As part of its now presented ‘Plan S’ strategy, Kia has announced eleven all-electric models up to the year 2025. By then, 25 per cent of sales will be accounted for by “environmentally friendly vehicles”. The first fully electric model is to be launched in 2021.
As part of this “medium to long-term strategy”, Kia intends to shift the focus from vehicles with combustion engines to electric cars. This “preventive and entrepreneurial shift” is not only to increase the number of electric models but also to create “tailor-made mobility solutions”. Kia is already formulating concrete goals: With these new models, Kia is aiming for a 6.6 per cent share of the global market for electric vehicles (excluding China). By 2026, Kia is aiming for global annual sales of 500,000 purely electric cars and one million “environmentally friendly” vehicles, i.e. including hybrid drives (also excluding China).
The South Korean manufacturer has also confirmed the launch of a dedicated BEV model next year. Although Han-Woo Park, President and CEO of Kia Motors, did not provide further details about the vehicle at the strategy presentation, the model is likely to be the first Kia model on the new electric platform e-GMP of the Hyundai Kia Group, i.e. an electric car with 800-volt technology. Visually, the model should be based on the “Imagine by Kia” concept shown in March 2019.
The launch of Kia’s first dedicated electric car is unlikely to mark the end of the multi-energy models such as the Niro and Soul, which are offered on a single platform both as BEVs and in various hybrid versions (and the Soul is also offered with a combustion engine). The e-GMP is not to be used for all of the announced e-vehicles; in addition to the “dedicated” electric vehicles, there will continue to be “derivative” models “with differentiated prices and specifications”.
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In other words, the electric versions of existing models will probably be marketed differently than the pure electric models on the new platform. With 400-volt technology, they could be offered at a lower price than the high-end electric cars with more power and a longer range. Kia itself repeatedly confirmed through European COO Emilio Herrera that the company is also offering BEV offshoots of the Ceed and Picanto models.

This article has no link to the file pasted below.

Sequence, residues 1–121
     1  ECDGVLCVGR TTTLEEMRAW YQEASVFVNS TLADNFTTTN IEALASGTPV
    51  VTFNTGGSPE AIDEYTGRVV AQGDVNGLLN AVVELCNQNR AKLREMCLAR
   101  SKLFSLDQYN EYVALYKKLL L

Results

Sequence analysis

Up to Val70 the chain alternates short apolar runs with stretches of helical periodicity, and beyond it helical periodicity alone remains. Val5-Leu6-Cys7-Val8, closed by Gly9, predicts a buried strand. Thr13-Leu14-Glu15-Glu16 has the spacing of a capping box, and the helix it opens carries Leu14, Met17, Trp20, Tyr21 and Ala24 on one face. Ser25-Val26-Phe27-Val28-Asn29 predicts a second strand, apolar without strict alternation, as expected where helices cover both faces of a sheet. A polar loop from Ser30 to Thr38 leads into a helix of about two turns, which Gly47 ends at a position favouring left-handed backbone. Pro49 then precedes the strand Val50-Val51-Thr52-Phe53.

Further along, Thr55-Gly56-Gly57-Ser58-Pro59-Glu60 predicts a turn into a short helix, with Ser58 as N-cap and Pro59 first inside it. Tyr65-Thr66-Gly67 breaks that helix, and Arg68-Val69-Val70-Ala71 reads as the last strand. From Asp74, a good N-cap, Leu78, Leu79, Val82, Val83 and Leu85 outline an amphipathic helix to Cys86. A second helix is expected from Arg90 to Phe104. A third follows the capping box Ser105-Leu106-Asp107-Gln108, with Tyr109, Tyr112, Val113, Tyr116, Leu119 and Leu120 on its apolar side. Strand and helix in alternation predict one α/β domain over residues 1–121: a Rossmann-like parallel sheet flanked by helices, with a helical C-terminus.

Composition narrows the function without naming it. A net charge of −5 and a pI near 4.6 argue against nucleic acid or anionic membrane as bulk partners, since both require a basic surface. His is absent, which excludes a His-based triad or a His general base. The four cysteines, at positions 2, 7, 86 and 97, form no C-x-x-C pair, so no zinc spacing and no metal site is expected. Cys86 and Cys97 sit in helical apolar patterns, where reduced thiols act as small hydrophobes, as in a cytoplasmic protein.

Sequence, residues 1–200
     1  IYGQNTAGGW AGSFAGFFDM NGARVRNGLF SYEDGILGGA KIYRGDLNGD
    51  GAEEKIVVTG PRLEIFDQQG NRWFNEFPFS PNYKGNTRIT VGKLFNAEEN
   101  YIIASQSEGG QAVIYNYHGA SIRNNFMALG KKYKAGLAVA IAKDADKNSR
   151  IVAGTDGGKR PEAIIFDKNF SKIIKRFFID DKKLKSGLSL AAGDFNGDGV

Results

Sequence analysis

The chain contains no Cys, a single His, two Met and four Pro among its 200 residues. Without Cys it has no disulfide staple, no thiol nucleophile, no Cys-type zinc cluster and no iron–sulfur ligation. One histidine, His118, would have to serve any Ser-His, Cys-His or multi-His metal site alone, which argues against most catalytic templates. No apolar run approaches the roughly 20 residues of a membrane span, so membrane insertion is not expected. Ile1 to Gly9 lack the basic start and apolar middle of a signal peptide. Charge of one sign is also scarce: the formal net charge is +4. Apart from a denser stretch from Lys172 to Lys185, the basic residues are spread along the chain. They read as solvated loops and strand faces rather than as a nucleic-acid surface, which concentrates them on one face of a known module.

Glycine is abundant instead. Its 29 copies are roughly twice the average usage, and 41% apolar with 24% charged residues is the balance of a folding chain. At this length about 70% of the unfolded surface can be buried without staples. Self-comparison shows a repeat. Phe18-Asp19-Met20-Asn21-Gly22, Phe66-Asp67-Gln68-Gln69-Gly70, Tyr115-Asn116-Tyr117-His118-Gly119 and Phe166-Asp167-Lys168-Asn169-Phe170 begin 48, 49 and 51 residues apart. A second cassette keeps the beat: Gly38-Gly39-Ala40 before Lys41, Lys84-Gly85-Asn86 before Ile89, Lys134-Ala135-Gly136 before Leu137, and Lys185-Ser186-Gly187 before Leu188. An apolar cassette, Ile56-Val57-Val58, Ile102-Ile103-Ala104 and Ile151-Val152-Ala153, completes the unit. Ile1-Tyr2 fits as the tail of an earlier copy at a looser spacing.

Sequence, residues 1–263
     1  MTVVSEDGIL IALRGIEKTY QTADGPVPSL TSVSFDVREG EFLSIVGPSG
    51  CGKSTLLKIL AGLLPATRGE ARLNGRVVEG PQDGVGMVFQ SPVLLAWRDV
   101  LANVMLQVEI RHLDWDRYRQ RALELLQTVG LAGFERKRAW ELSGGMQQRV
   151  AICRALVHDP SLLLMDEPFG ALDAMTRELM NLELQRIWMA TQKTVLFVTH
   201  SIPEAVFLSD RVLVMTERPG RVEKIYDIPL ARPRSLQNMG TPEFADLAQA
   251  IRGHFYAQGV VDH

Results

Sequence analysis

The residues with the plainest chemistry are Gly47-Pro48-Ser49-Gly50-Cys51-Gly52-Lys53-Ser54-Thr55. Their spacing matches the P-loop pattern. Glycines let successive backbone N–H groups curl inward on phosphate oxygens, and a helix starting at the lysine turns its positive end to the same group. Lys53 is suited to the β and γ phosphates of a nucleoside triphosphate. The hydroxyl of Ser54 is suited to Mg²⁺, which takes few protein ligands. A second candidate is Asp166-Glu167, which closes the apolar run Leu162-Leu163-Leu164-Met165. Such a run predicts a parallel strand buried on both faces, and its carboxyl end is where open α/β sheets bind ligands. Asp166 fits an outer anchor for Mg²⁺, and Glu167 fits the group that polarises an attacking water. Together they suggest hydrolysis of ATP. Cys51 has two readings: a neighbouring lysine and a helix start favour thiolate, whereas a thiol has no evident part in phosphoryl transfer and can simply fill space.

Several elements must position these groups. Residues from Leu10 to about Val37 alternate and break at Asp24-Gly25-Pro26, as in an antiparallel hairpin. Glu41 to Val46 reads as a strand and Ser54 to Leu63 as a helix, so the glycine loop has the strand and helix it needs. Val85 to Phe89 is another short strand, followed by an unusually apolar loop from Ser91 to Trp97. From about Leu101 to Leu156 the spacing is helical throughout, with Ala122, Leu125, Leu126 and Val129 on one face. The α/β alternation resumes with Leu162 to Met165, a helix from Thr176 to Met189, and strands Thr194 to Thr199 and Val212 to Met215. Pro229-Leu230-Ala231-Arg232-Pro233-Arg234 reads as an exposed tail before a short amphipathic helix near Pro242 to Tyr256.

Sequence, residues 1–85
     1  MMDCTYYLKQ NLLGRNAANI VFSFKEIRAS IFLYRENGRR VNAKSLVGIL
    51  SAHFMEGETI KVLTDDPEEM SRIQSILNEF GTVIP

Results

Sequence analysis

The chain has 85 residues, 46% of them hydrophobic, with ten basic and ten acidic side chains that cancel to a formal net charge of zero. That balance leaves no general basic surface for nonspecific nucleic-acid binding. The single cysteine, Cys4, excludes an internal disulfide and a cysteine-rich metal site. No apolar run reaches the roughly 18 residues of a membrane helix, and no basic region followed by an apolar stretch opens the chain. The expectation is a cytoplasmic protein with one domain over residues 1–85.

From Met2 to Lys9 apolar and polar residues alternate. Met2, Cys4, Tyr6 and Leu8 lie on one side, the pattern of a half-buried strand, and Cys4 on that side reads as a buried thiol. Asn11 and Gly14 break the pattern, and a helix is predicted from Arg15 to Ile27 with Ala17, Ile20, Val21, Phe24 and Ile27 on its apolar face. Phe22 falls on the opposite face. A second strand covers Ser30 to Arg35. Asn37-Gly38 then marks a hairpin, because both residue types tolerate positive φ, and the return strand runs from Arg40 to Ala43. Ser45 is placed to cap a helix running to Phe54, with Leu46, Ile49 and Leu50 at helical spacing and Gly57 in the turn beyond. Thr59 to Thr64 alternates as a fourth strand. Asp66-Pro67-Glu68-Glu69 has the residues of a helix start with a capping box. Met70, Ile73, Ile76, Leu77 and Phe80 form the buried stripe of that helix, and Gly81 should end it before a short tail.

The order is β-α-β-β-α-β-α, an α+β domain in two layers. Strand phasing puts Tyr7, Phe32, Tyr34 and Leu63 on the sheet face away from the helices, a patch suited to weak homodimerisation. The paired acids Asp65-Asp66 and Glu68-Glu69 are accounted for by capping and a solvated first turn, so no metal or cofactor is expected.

According to its own statements, Kia intends to invest a total of 29 trillion won (approximately 22.5 billion euros) in its “Plan S” strategy by the end of 2025. “With the turbulent changes in the automotive industry, today is also an opportunity for Kia Motors to radically transform itself into a global company that specialises in innovations that focus on customer value,” says Han-Woo Park.
In the second half of the year, Kia also plans to unveil a new “brand system” currently under development. The corresponding press release is still very vague about exactly what this means, stating that this includes becoming a “pioneer in the age of electric vehicles”. With its new brand image, Kia also wants to appeal to younger generations and become a “symbol of challenge and innovation”.
More concrete information on the planned eleven models was not provided during the presentation. It remains to be seen just how many of the new electric vehicles will come to Europe at all, or whether the Korean company also wants to manufacture electric cars in Europe, as previously considered. In December, for example, there were reports that Kia is planning an electric version of the Seltos. However, this model will not make it to Europe, as its dimensions are virtually the same as those of the e-Niro and it will also be kitted out with the e-Niro’s electric drive.
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